MUSKEGON, Mich. — Can one come to a revelation through a visit to an art museum, or is it something that can only be arrived at through a more intensive personal journey? This is the question that emerged for me as I visited the Muskegon Museum of Art for Edward S. Curtis: The North American Indian, a massive installation of the 30-year-plus ethnographic survey of surviving Native American culture by turn-of-the-20th-century, Seattle-based photographer Edward S. Curtis.
The North American Indian is a seminal and controversial blend of documentary and staged photography — one which contributes to much of the foundational imagery and, often-stereotypical, understanding possessed by white America about some 82-plus native tribes that the United States eradicated over a century of colonization. Much has been made about the complexities, contradictions, and conflicts of interest in Curtis’s masterwork, by Native and non-Native scholars. Some argue that in staging photographs and, at times, adding props or accessories, Curtis took liberties with the concept of ethnography, both imposing and reinforcing white notions of Native American appearances and culture. Others argue that without Curtis, there would be hardly any extant imagery of the cultural heritage of the tribes he worked with.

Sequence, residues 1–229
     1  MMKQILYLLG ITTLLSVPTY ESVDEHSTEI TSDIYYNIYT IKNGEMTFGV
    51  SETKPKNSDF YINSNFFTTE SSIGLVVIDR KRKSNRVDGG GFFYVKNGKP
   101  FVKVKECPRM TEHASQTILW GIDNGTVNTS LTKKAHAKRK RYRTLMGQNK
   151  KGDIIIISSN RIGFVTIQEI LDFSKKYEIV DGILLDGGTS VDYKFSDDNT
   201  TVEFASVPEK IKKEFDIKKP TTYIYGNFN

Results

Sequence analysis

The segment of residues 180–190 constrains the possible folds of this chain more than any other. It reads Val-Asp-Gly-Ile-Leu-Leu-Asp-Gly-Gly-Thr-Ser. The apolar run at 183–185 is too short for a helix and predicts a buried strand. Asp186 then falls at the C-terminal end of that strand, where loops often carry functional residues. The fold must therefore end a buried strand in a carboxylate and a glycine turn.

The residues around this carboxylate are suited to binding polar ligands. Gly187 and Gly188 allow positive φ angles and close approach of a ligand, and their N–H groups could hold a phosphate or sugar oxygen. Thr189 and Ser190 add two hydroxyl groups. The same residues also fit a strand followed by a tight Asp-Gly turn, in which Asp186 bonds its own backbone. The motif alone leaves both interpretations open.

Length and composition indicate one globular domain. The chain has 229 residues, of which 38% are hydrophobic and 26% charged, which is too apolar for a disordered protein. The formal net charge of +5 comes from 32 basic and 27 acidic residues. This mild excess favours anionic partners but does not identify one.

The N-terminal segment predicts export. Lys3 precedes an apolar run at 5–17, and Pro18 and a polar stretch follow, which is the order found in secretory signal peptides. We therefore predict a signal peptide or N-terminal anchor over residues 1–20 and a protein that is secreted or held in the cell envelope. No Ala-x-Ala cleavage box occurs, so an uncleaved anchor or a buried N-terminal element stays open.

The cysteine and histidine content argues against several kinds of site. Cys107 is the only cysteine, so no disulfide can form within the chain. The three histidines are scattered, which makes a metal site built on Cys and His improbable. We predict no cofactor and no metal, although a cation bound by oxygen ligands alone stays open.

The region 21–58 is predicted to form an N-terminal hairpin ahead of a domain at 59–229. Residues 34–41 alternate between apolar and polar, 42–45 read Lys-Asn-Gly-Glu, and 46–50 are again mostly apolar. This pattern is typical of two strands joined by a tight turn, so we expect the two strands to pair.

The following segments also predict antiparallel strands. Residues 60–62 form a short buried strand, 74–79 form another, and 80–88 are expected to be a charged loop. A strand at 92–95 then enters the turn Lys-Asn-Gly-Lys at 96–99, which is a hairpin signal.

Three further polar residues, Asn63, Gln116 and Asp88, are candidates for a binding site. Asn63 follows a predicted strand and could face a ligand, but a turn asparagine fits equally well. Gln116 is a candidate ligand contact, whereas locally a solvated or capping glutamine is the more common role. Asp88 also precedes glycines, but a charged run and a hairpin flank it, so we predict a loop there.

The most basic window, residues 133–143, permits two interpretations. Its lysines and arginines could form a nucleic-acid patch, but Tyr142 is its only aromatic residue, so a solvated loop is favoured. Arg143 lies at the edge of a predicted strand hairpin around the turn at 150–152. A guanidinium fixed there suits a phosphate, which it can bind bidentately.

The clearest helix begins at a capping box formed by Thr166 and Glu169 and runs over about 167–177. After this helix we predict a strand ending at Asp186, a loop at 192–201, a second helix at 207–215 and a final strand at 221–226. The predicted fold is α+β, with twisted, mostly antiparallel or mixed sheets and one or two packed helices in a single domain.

The Curtis exhibition at the Muskegon Museum of Art raised, for me, compelling questions around our individual and institutional tendencies to justify the art that we find interesting. It is undeniable that the 723 portfolio images lining the walls of the Musekegon’s galleries — as well as a 20-volume edition gathering 1,500 additional photos and ethnographic research carried out by Curtis in cooperation with tribes west of the Missouri River — represent a remarkable accomplishment. They are fascinating photos, and managed to chronicle what Curtis called, “the lifeways and mores of all the tribes who were still relatively intact from the colonialism and the invasion of Anglo culture.” Beyond ethnography, many of them are also formally beautiful works of art.